Re: Bitimious coal & Wood to gether?

PostBy: Townsonbck On: Wed Jan 23, 2008 12:00 pm

Thanks again Steinke,
My stove has a ash clean out underneath the burn box. It's about a foot round. I was going to put a cast grate right obove the opening. I have a wicked draft in the stove. When I burn wood, the hot spot is always obove that ash drop area.The grate will sit about a inch from the ash drop area. I was hoping that the draft from the stove would pull up through the grate in result burning the coal! Also reading in this forum I read that you can wrap the bitimious coal in plastic (round small log lengh) and from the heat it will keep its shape and prevent it from smothering the fire.Where I work I can get these cardboard tubes about two ft long and three inch in diamiter, and half inch thick walls. I used these to get a fire going and burn very well. I am going to pack them with the bitimious coal and try burning the coal that way. If true and hold there shape they would look like logs in the burn box. I don't know that much about burning coal. I'm just trying different things and maybe have a little sucsess. like I said I can get the coal next to nothing so I think it's worth exsperimenting with. Let me know what you think of this! Thanks for your help.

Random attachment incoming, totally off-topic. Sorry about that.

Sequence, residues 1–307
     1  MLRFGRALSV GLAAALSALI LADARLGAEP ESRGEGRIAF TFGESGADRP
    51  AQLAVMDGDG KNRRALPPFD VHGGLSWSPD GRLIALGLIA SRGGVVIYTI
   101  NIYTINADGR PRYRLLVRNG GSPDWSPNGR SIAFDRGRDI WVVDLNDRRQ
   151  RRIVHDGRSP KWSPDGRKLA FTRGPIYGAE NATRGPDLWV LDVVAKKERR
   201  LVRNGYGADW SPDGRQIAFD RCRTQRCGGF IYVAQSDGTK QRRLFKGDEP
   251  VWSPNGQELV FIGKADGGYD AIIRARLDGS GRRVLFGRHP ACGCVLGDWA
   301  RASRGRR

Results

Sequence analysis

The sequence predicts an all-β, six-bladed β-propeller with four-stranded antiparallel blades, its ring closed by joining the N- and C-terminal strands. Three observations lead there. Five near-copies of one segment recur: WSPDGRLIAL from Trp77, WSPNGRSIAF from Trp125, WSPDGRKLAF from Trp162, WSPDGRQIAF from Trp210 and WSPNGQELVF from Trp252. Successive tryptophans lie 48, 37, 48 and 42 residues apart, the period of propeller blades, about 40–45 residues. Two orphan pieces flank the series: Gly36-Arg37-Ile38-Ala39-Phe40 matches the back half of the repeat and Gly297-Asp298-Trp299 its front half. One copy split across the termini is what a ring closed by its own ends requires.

Jaytow
Townsonbck
 
Stove/Furnace Make: Shenandoah
Stove/Furnace Model: Model R-77

Re: Bitimious coal & Wood to gether?

PostBy: steinkebunch On: Wed Jan 23, 2008 12:20 pm

Sounds like your stove is designed to burn coal then. Depending on your coal, it may stick together. My Wyoming Bit. coal will not stick, but others on the forum sat the eastern bit. does swell and stick together.

Even if you grate openings are fairly large, usually after a few hours of burn, the ash accumulates enough to keep coal from falling through the grates unless you are shaking them. You may not need the tubes unless the coal is very fine. I burn 1/4" to 6" chunks, and it works well. I lose some finer coal on the initial load, and some when I shake, but not much.

Steinke
steinkebunch
 
Stove/Furnace Make: Homemade Bituminous Hand-Fed
Stove/Furnace Model: Prill underfed stoker Model M8